For Shawn Watwood, the Westside has always been home. He moved to Atlanta in 2017 to take a job with Kenny Leon’s True Colors Theatre, and from there began to learn about his new community by attending NPU meetings and early Transform the Westside Summit’s hosted by Westside Future Fund (WFF).
Years later, and in his new role as senior manager of corporate partnerships and sales for AMB Sports + Entertainment, Watwood continued living on the Westside and made key connections – like meeting Tameka Askew, WFF’s Home on the Westside Manager.
“I’ve known Tameka, forever, and she kept telling me that I should look into WFF’s affordable housing program Home on the Westside (HOTW),” said Watwood. “I had reservations because like most people I thought homeownership was too expensive and that the process could be overwhelming. It wasn’t until my last apartment complex notified me of a rent increase that that I finally thought to myself it might be time to start the process.”
For Watwood, it felt like divine timing. The next summit he attended was focused on the work of Westside Future Fund, and Askew gave a presentation on the WFF’s HOTW program. During the presentation, Askew showed a photo of a yellow house and Watwood could suddenly envision himself living there.
“After the summit I talked to the WFF team, and they encouraged me to fill out the paperwork,” said Watwood. “While going through the process for HOTW, I was always waiting for the other shoe to drop, and it never did. It was always so seamless and easy,” said Watwood. “Working with the team at WFF s literally like having your hand held every step of the way. I closed on my house in less than 30 days.”
Given his live and work connections to the community, which are part of the community retention guidelines for HOTW, Watwood qualified for $40,000 in down payment assistance from WFF and another $10,000 in assistance from Invest Atlanta.
Going through Home on the Westside wasn’t just about settling more permanent roots down on the Westside, it was also about making a home. During the pandemic he met his partner Camille Monae while attending a performance she was starring in at the West End Performing Arts Center. The two bonded over their shared love for performing arts and attending a small university in Texas. When the opportunity to participate in HOTW came up, it was also a chance for Watwood and Monae to create a space together.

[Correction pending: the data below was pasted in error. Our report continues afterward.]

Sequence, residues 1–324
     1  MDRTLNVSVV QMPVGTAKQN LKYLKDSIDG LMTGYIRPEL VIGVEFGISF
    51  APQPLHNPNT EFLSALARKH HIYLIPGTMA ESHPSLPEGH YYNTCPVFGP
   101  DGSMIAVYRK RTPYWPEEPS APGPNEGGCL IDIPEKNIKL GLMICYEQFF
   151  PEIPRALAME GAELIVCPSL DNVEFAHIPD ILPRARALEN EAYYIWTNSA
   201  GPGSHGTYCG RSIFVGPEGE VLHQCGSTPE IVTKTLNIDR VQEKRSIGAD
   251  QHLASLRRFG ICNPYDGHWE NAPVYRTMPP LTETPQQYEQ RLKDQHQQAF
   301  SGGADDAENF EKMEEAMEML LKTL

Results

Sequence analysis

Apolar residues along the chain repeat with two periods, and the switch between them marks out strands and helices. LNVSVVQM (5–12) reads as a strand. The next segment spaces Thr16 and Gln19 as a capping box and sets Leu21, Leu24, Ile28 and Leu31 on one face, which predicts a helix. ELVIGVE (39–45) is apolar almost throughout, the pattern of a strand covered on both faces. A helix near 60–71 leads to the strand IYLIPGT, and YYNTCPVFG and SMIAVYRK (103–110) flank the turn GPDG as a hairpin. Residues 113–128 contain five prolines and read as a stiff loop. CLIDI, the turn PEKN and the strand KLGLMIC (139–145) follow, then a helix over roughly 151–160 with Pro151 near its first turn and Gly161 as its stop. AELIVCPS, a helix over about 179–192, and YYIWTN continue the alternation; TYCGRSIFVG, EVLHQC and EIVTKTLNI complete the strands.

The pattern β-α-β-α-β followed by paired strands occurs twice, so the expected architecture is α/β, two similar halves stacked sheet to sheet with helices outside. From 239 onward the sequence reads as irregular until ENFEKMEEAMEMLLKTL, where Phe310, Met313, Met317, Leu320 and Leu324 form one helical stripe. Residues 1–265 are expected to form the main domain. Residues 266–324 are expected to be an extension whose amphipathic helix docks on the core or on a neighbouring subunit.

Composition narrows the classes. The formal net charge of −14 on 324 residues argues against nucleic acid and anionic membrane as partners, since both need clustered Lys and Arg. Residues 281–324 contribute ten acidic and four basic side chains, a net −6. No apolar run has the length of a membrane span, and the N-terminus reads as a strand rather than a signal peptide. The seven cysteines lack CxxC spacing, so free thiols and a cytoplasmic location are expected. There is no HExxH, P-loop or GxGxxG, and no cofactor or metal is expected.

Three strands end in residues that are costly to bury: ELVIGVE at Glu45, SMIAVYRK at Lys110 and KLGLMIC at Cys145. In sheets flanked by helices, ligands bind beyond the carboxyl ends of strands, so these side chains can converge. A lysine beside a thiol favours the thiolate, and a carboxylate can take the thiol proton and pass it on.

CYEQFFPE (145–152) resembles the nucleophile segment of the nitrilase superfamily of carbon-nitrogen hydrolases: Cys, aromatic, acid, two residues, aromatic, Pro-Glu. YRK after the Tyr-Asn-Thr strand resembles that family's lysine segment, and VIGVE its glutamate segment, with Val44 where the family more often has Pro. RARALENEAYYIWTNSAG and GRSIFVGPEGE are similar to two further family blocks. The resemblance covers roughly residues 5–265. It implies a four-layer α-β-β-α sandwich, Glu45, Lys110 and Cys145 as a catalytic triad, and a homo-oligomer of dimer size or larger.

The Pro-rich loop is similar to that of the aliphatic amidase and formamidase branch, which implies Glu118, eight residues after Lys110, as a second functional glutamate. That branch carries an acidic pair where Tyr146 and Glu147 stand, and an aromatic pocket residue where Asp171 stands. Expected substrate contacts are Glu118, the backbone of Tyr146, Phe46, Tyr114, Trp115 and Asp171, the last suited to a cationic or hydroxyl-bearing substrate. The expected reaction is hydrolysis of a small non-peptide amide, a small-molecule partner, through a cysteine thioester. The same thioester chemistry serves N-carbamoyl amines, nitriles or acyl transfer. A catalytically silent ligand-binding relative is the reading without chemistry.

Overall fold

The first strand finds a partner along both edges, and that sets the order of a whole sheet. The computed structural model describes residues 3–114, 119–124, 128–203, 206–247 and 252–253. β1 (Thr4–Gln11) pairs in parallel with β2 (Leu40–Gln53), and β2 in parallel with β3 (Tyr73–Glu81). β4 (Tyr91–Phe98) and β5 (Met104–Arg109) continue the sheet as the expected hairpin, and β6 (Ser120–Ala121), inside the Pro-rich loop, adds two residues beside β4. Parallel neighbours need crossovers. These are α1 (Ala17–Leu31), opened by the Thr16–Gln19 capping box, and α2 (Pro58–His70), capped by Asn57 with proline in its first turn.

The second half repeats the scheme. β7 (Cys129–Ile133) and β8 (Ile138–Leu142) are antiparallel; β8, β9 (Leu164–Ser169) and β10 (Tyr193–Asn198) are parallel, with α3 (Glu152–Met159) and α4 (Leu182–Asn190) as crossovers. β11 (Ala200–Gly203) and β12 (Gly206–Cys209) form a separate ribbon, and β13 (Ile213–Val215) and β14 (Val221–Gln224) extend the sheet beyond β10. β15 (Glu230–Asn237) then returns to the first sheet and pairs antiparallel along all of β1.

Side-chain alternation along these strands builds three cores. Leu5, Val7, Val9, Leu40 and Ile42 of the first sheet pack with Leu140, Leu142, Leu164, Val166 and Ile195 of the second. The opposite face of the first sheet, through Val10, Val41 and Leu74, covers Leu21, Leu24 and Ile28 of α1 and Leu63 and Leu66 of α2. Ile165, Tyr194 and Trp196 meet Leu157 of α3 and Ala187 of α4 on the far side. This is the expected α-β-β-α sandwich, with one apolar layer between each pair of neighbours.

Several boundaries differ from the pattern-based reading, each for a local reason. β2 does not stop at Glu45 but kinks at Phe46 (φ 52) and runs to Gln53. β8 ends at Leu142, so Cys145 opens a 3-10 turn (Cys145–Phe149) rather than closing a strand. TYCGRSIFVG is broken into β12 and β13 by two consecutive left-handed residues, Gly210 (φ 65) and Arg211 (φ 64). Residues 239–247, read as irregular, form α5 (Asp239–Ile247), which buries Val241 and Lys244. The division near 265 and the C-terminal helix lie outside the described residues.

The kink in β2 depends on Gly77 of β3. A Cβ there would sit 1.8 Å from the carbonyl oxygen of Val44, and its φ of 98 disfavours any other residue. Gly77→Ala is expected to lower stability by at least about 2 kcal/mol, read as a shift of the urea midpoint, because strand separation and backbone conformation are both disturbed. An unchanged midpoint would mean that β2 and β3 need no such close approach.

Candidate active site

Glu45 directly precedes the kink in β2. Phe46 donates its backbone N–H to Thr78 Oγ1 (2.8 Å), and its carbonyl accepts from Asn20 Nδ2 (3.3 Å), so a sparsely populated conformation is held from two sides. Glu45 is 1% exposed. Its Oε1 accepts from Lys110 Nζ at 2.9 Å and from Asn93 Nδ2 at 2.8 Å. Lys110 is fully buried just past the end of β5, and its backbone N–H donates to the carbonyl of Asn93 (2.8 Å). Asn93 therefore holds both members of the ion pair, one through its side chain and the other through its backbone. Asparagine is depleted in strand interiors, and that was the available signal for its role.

“Having this as our place to go home to is new to both of us. Both of us have moved so many times in our lives,” said Monae. “For the longest time my grandmother’s house in San Antonio, TX was home, and now I get to switch that mindset that now this is my home, and we get to create it together.”
The couple has also started to expand their sense of home beyond their four walls, and into the community, by connecting with their neighbors. They are already in a WhatsApp group with their neighborhood where they arrange everything from picking up each other’s packages and sharing herbs to arranging impromptu clean ups at their nearby community park – Kathryn Johnston Memorial Park.
“The Westside is reminiscent of a neighborhood I grew up in during my early childhood,” said Monae. “A place that has progressed over the last decade, but there have been some downsides to that gentrification – my mother and grandmother still live in the neighborhood and my mom’s property taxes have almost tripled. I’ve seen what it’s like when these neighborhood efforts are done wrong and in a harmful way, and it’s nice to see Westside Future Fund’s intentional approach. I wish that was the case everywhere.”
Watwood and Monae officially moved into their home in March of this year. As the couple unpacks boxes, they are also thinking about new paint colors for their wall and making design plans for their backyard – taking the steps to turn their new space into a home.